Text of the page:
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Letters to the Editor

Lisa Benson | Washington Post Writers Group

Mike Luckovich | Atlanta Journal-Constitution

Saturday's letters: Declare independence from political parties

If you are passionate about your political party affiliation, this probably won't interest you. But for anyone who is a member of one of the two major parties and is asking why they act the way they do and why they seem to care more about the health of their party than the health of the country, there are some facts to consider.

First, remember that there is nothing in the Constitution that requires the existence of political parties. They are a creation of us, the people, and we seem to have forgotten this and let them assume too large a role in American politics. We think that they have always been there and are required. They are not.

I feel they have become far too prominent in how this country is governed. They set political agendas that are far too liberal or conservative for the average American. And we go along with it because we belong to a party. Think about that — you "belong" to them. I do not like to "belong" to anyone or anything. That's what I like about America — you can be you.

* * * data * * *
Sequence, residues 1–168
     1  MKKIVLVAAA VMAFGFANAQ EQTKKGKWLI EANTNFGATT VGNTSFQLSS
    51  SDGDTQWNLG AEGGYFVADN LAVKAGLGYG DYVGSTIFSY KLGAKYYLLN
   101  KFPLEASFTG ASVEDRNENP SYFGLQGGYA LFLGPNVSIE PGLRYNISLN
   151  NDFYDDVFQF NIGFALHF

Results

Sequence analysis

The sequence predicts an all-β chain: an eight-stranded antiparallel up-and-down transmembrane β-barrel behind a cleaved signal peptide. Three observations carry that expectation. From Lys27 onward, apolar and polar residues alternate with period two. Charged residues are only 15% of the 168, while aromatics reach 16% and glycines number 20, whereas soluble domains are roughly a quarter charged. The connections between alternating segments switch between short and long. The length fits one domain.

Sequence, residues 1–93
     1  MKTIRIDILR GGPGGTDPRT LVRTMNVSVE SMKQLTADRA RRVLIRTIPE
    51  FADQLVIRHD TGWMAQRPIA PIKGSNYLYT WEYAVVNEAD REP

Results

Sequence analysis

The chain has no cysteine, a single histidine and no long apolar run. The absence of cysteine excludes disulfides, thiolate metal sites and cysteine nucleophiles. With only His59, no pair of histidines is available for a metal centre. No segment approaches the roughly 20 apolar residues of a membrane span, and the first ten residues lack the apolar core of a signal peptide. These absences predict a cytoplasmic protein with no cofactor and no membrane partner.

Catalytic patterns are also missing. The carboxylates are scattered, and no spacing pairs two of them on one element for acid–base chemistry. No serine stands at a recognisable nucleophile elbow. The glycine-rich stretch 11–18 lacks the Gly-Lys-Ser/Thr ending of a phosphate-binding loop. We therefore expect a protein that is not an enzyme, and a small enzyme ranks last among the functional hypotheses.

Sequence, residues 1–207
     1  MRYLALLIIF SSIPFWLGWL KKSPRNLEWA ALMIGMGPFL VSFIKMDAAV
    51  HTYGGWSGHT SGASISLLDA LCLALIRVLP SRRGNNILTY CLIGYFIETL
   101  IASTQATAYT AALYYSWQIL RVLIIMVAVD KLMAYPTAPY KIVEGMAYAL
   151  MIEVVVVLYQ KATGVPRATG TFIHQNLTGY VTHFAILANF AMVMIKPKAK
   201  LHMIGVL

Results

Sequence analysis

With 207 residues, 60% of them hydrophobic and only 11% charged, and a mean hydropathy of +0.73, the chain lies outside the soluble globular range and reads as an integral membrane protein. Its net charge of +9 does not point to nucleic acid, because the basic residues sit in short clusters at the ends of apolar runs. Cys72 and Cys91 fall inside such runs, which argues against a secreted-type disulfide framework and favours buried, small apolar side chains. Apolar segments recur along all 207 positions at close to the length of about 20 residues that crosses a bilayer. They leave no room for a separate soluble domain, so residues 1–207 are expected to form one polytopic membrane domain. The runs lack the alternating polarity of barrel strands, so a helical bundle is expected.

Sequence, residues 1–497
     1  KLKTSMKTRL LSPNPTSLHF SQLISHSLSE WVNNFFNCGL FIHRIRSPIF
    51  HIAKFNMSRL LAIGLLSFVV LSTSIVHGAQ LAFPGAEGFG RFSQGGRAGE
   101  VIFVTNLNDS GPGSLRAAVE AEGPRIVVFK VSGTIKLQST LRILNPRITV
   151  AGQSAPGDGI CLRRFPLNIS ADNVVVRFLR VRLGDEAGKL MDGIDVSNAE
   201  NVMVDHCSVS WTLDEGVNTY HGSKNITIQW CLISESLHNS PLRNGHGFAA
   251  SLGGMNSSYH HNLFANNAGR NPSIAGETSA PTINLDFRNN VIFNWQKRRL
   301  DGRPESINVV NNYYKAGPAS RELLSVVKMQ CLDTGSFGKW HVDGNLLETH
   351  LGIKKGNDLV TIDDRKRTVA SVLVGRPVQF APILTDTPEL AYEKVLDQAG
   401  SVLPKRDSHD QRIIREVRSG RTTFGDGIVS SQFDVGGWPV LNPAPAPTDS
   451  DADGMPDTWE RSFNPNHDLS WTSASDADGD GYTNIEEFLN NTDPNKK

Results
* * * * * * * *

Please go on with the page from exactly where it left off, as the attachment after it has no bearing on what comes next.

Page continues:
Can you imagine what a 5 percent decrease in party affiliation would do to them? It might cause panic and major changes in their behavior. A 10 percent decrease might literally destroy them.

This is the easiest thing the average American citizen can do to make an impact on the future of our nation. It's simple and it will not affect you at all. Simply change your voter registration from D or R to no party affiliation. I did it and I feel liberated.

Mike Marshall, Oldsmar

Romney running mate serious and principled | Aug. 14, commentary

Appeal to the extremes

George Will is predictable. He believes conservatism is a "thing." You either have it in full measure or you are defective. Thus, to him, Mitt Romney was sadly lacking until the perfect Paul Ryan appeared. After all, like Ryan, was not Martin Luther King an extremist for his cause?

This diversion allows Will to cleverly argue that nothing in politics is moral and correct until he explains it to you in terms of good versus evil. Hence, the Republican team is righteous while the "president has become silly and small." As a bonus, Will thinks, James Madison and Thomas Jefferson endorse this message.

It is too bad that Will could not accept Romney without Ryan. That does indeed return us to 1964, when Americans could not accept Barry Goldwater without accepting extremism. Nor is extremism limited to economic policy.

Don Chamberlin, Clearwater

The 'job creators' myth | Aug. 13

Ryan doesn't have answers

Paul Ryan may consider himself an intellectual, and many of his followers think the same. Well, he may be an intellectual in some fields, but it certainly isn't economics.